“One thing I found with my daughter is that they don’t look sick, but they live every day coughing continually, short of breath, (with) so many medication and physical therapy requirements that it’s just daunting to participate in anything like yoga or join a gym,” Rey said. “Yet those are the things that really help them.”

Cystic fibrosis is classified as a rare disease, affecting approximately 30,000 people in the U.S.

The approximately 65 people diagnosed with the disease in Alaska struggle to access services as well as clinical trials because of remote locations and health care access, according to the Cystic Fibrosis Foundation.

The U.S. House of Representatives is considering a bill, H.R. 209, to increase compensation to patients for participating in clinical trials for rare diseases.

It is an extension of a current act that allows patients to be compensated up to $2,000 for participating in a clinical trial without having it count as income, which could disqualify some from public assistance such as Medicaid.

The act is due to expire in October if Congress does not renew it. Rey said one of the stories that inspired her to start the foundation was that of a young man with cystic fibrosis who died while waiting for a lung transplant because he could not arrange transportation or a place to stay.

The organization is planning to offer “hardship scholarships” that cystic fibrosis patients can use for a place to stay, transportation or any other need they have.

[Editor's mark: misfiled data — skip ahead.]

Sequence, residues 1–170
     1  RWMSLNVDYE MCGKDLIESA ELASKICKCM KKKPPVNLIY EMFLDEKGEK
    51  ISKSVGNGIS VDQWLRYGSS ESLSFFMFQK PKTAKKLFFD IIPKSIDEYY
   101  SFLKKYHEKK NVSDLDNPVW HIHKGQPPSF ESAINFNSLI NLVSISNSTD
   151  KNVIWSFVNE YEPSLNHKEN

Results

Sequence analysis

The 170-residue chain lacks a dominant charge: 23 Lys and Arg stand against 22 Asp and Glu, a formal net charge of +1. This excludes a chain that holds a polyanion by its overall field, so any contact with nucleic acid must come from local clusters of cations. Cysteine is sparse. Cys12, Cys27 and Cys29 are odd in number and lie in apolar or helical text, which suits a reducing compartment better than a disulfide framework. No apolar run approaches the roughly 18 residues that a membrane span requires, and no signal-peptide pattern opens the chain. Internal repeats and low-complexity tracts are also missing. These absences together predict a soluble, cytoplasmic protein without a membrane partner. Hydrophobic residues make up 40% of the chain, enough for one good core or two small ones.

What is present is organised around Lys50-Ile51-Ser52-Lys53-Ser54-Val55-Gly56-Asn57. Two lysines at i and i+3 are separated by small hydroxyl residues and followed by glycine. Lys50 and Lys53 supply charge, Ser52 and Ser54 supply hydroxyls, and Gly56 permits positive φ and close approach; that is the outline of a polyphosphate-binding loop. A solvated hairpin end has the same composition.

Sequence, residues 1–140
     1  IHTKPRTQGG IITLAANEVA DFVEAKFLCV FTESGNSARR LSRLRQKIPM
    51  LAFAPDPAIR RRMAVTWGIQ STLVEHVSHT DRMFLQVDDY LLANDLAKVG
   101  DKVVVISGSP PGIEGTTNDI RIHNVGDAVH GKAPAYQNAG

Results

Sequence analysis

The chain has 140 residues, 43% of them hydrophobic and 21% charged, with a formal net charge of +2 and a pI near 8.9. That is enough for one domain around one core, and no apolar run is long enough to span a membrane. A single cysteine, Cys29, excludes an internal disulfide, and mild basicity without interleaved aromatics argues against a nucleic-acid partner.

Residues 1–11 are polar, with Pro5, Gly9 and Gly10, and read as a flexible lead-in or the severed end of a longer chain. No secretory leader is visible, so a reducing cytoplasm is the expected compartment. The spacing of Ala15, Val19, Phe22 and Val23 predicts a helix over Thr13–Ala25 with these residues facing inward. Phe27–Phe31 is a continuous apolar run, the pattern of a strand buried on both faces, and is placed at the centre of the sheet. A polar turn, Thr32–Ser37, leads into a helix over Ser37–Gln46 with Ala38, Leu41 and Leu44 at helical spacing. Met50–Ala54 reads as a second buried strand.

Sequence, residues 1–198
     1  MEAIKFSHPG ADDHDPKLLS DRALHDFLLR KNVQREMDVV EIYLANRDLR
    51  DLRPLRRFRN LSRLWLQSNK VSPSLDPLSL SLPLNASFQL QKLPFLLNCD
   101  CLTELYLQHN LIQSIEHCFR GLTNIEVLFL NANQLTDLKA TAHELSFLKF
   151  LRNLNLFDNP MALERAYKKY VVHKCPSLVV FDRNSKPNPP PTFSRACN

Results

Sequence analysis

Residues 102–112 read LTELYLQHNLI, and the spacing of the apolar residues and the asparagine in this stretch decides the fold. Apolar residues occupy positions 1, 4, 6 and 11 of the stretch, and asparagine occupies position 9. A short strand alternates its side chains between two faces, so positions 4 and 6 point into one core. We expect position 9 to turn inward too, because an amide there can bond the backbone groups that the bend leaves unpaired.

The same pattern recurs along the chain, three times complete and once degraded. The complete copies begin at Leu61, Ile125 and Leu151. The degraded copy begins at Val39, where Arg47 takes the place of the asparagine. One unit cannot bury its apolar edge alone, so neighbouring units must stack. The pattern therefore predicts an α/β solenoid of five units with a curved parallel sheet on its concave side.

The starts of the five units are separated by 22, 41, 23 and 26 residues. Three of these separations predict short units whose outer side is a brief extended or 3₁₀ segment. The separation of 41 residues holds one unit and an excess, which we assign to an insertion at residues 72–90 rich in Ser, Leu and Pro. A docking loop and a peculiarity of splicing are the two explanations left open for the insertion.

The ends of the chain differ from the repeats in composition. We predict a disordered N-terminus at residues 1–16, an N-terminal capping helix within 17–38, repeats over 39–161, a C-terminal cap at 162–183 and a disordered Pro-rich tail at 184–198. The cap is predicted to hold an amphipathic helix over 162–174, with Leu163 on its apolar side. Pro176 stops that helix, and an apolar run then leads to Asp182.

“It’s really been families fundraising for this,” Rey said. “The goal that I’ve had is to lift the burden of fundraising off the shoulders of families with cystic fibrosis and shift it into the community.”

The event will take place at the Snowshoe Gun Club on Boundbrook Street in Kenai. Steve Meyer, the vice president of the Snowshoe Gun Club board, said the growth of the event is positive for the club as well as a good cause.

“We’re pleased to be hosting it, to be able to help out Karen and to do this for the community,” Meyer said. “A lot of the time, shooting and shooting sports are not really cast in a favorable light. This event draws people who are not necessarily shooters and show(s) that no, we aren’t really so bad.”

Some of the participants may not be as familiar with trapshooting as others, so the Snowshoe Gun Club offers coaching and practice shooting before the event, Meyer said.

Individuals seeking some pointers can go out to the range, and the club offers target practice before the fundraiser, Meyer said.

“We’ve had a lot more interest (in the event) this year,” Meyer said. “We knew right from the start that it would take some time to make the community aware of it. As far as we’re concerned, we’ll do this every year, as long as Karen wants to keep doing it.”

Rey said she hopes to establish a sustainable event in Kenai, where the teams come from the area and return every year, the way they do in Anchorage.

“We are pebbles facing a mountain, but we’re making a difference,” Rey said. “Every participant makes a difference.”